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March 13, 2019

Maryland is one of only three states that does not have a labor trafficking statute. UMD SAFE Center Director Susan G. Esserman with Maryland Senator Susan C. Lee (Montgomery County) and Maryland Representative Wanika Fisher (Prince George’s County) co-authored an op-ed published in the Washington Post urging Maryland legislators to pass a new law that would protect victims of labor trafficking. Labor trafficking, while less well-known than sex trafficking, is  a form of modern day slavery that keeps victims in servitude, often with little or no pay, by force, fraud or coercion.

Senate Bill 689 and House Bill 734 — known as The Anti-Exploitation Act of 2019 — would criminalize labor trafficking at the state level and enable state prosecutors to hold those who profit off forced labor accountable.

Labor trafficking is a multibillion-dollar criminal industry, and is happening across the globe, throughout the U.S. and here in Maryland. The op-ed leads off with a compelling anecdote about two young women from an African country who recently escaped after being held captive as servants for several years in a large home in the wealthy suburb of Potomac.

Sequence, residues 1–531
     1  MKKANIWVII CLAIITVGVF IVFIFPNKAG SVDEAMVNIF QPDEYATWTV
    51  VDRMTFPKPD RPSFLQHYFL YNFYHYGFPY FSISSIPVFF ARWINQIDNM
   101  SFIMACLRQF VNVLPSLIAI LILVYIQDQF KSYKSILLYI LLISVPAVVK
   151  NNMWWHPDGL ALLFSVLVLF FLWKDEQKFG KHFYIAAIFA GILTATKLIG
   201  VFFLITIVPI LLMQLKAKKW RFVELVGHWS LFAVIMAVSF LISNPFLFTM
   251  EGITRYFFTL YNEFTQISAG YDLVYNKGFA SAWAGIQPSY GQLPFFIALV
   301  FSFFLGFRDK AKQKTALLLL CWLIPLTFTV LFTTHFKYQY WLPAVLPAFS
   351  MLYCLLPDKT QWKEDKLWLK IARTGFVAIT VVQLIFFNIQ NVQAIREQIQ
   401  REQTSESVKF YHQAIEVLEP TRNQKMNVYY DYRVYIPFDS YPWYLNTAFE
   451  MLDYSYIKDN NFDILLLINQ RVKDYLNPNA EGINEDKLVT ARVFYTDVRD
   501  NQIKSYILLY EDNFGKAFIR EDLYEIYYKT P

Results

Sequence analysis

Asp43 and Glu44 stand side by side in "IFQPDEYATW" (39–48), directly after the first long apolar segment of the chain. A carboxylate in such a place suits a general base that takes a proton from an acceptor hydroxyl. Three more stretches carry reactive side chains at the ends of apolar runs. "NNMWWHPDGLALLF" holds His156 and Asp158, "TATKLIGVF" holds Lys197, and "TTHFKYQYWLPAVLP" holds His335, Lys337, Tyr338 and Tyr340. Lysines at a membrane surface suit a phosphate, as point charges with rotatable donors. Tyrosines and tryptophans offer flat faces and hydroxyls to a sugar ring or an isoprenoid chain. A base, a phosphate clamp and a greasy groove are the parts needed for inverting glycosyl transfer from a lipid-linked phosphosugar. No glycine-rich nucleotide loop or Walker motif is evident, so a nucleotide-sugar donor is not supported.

The Support Advocacy, Freedom, and Empowerment (SAFE) Center for Human Trafficking Survivors has become part of the School of Public Health as of March 2019.

Formed through the MPowering the State initiative that draws on the complementary strengths of the University of Maryland, College Park (UMD) and University of Maryland, Baltimore (UMB), the SAFE Center provides comprehensive legal, case management, mental health, primary medical and economic empowerment services to U.S. and foreign-born adult and child survivors of sex and labor trafficking. The center also engages in research and advocacy to help prevent trafficking and improve survivor services.

 
Related Links

Criminalize human trafficking in Maryland